Christian Mueller 2016-01-11 12:31:06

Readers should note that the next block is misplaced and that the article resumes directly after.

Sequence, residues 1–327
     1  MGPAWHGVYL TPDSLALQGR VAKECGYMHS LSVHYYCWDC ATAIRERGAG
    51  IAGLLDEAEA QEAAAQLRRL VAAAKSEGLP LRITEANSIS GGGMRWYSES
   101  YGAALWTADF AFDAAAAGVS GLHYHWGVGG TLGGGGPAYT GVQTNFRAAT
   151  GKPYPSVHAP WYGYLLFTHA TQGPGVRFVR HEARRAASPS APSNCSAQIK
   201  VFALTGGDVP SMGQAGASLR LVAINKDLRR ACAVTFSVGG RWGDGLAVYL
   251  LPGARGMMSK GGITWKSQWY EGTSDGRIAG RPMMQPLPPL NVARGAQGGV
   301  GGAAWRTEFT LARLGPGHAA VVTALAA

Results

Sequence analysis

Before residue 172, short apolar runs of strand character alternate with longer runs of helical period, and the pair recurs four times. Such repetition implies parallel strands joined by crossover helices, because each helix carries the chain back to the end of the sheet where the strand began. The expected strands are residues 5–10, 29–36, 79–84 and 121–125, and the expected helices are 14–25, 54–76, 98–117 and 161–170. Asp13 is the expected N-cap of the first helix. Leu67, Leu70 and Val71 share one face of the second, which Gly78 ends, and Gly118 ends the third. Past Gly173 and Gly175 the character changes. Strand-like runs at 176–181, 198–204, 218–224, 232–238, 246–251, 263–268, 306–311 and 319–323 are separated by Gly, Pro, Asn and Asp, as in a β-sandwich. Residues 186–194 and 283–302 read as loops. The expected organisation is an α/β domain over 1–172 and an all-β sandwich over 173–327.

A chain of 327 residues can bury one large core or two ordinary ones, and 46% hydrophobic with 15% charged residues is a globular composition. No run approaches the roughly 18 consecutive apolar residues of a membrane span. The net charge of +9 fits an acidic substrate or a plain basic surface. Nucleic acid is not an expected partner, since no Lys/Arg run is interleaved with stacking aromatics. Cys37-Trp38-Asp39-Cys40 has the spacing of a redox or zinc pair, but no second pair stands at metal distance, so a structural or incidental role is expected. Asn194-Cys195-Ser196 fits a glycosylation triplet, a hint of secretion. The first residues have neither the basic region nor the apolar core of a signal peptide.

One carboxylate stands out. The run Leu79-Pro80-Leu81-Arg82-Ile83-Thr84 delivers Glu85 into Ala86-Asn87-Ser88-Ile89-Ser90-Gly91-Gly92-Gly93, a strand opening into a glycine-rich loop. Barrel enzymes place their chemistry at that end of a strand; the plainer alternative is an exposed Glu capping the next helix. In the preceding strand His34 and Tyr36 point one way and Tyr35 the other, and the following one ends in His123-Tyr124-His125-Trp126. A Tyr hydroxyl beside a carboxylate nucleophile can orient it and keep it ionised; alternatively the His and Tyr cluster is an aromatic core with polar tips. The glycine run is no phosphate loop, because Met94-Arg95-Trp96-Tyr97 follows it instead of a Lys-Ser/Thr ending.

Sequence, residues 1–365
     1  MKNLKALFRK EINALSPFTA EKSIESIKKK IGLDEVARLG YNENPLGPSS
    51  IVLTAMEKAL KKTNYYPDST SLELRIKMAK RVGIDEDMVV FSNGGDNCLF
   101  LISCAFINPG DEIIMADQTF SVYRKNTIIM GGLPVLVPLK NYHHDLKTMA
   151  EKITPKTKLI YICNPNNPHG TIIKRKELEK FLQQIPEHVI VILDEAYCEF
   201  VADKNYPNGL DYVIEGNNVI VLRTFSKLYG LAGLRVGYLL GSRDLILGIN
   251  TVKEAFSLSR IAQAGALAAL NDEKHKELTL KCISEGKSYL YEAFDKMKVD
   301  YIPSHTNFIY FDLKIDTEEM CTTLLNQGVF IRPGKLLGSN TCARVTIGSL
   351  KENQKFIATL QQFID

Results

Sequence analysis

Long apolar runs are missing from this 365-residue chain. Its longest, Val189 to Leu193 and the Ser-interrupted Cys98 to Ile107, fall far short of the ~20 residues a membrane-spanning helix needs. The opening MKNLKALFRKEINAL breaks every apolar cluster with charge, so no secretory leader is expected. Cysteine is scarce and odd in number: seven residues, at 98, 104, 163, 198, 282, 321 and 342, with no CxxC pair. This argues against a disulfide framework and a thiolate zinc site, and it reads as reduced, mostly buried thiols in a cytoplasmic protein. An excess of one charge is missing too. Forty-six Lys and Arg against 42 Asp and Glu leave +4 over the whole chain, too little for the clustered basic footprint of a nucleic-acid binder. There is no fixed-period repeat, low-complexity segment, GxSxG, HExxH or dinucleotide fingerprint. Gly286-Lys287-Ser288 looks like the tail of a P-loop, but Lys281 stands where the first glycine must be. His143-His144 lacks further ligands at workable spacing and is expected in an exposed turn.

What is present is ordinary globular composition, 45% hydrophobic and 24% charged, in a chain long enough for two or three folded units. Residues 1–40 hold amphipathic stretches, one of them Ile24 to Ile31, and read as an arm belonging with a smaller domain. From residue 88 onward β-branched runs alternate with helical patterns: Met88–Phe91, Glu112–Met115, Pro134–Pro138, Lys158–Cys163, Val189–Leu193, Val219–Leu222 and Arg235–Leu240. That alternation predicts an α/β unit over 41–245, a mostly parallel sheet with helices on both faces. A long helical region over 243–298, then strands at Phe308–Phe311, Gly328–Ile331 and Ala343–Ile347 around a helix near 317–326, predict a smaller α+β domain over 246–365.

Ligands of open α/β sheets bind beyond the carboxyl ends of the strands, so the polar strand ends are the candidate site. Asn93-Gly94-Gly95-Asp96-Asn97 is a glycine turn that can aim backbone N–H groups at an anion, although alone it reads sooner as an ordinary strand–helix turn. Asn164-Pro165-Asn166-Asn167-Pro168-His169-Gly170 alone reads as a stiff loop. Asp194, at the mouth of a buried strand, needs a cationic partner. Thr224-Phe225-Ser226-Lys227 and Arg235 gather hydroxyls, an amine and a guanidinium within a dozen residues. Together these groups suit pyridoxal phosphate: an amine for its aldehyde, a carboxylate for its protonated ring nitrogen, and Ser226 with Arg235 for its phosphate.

Combined heat and power (CHP) systems are one of today’s most efficient, reliable and cost-effective approaches to electricity and thermal energy generation. By simultaneously producing both from the same fuel source, CHP is a smart solution for businesses seeking to control heating, lighting, and cooling costs. In addition to cost-effectiveness, CHP systems provide benefits that not only serve the individual facility of service, but also reach the communities in which they operate by offering large-scale energy efficiency improvements. Cogen In-Depth Because CHP systems require less fuel than separate heat and power systems, a reduction in operating cost, despite rising energy cost, is guaranteed. CHP systems use a diverse set of fuels and can typically be found in four market clusters—biogas, landfill, and wastewater treatment; natural gas non-CHP; and natural gas CHP. Each has its unique attributes and applications: Biogas. Methane is the second most prevalent greenhouse gas emitted in the United States, so there is an emphasis to reduce the amount that escapes to the atmosphere, particularly among farmers. With anaerobic digesters, farms are able to produce biogas from dairy, livestock, and food waste to generate energy. Electricity is the main energy produced in this application—either for self-consumption or to feed to the grid. Landfill and wastewater treatment. Large amounts of methane are produced in landfills and wastewater treatment plants. Instead of burning this gas in a flare, it can be used in a CHP system to produce electricity. Natural gas non-CHP. Peaking plants, independent power producers, industrial facilities, and any other requirement for electric onsite power generation can produce electricity more cost-effectively using CHP than purchasing it from the utility. With independence from the grid and reduced total life cycle costs, CHP systems are often critical for the economics of onsite generation. Natural gas CHP. A CHP system is well suited to consistently provide for the energy needs of most commercial buildings, industrial facilities, health care facilities, shopping malls, greenhouses, hotels, condominiums, and universities, which have a significant year-round demand for heating, cooling, and electricity. Total efficiency of a CHP system can exceed 90% in these applications. The benefits offered by CHP have helped the technology gain traction in the United States; however, the cogeneration process is not new. The principle has been put to use for nearly 135 years as a way to conserve resources. In 1882, Thomas Edison’s first electric generating plant—the Pearl Street Station in New York City—used waste heat from the plant’s steam engines to provide heating for nearby buildings. By supplying both heat and power, Edison was able to achieve an overall efficiency of 50%. In recent years, use of CHP technology has increased steadily in the United States due to growing efforts to reduce carbon emissions and mitigate climate change. Recognizing the underutilization of CHP as an energy resource in the United States, the Obama Administration issued a goal of achieving 40 GW of new CHP site installations by 2020. If accomplished, CO2 emissions will be reduced by 150 million metric tons annually, energy users will save $10 billion per year, and the country’s CHP capacity will increase to 50%. Historically, CHP was reserved for very large facilities. According to a report published in 2012 by the US Department of Energy and EPA, approximately 3,700 industrial and commercial facilities exist in the US. Today, smaller facilities such as hospitals, hotels, or school buildings are starting to reap the benefits of utilizing heat that would otherwise be wasted from the production of electricity. Searching for Sustainability It is estimated that Ohio has 54 CHP installations in the state totalling over 500,000 kW. With approximately 10 incentives for cogeneration, including the Advanced Energy Fund, the Advanced Energy Stimulus Program and the Energy Loan Fund, Ohio is helping drive growth in the CHP market as they strive to reduce energy usage and increase efficiency through a long-term strategy. “MTU Onsite Energy has seen an uptick in interest and installations in Ohio recently, particularly from municipalities,” says Kevin McKinney, senior sales manager at MTU Onsite Energy. “For example, Medina High School has saved more than $80,000 in annual utility costs with the help of a compact natural gas-powered Series 400 CHP.” The Dublin Community Recreation Center (DCRC) joins Medina High School in their utilization of MTU Onsite Energy’s cogeneration technology. Located about 20 miles north of Columbus, the DCRC is an 110,000-square-foot facility that caters to a community of 43,000 people. Housing three pools, classrooms, a community hall, a theatre, a gymnasium, and other meeting rooms, the DCRC offers classes and activities to children, teens and adults throughout the year. DCRC began its search for an environmentally friendly solution to power and heat its facility and began examining a number of options, including solar power. In the end, an IGS Generation LLC and Hull & Associates Inc. CHP proposal, which included an MTU Onsite Energy Series 400 CHP system, was selected. The system, which is owned by IGS, was co-developed by IGS and Hull and is completely customized to the specific needs of the DCRC. W. W. Williams, an authorized MTU Onsite Energy Gas Systems distributor, was chosen to install the system in March 2014 and the project was completed and commissioned in May 2015. “The DCRC was an ideal location for installing the CHP technology due to its high coincidental electric and thermal loads,” says Tom Drake, gas and power systems manager at W. W. Williams. The Series 400 CHP uses waste heat from the engine to provide thermal energy to heat the indoor pools and provide other hot water needs at the DCRC, as well as producing heat for the facility. Annually, the unit will average about 8,000 operational hours and will produce approximately 2,000,000 kWh per year, supplying around 50% of the annual electric requirement of the DCRC. The unit, which produces 248 kWe, is nearly twice as efficient as traditional power generation and is designed to operate independently and also reduces the operational usage of the boiler system extending its lifecycle. Serving also as backup power to the facility’s four existing HVAC units, the DCRC is able to be used as a community shelter in the event of extended outages, offering peace of mind to those who call Dublin, OH, home. Christian Mueller has more than 10 years of experience in power generation. As the sales engineer at MTU Onsite Energy, he’s responsible for gas power and CHP cogeneration systems in the North America region.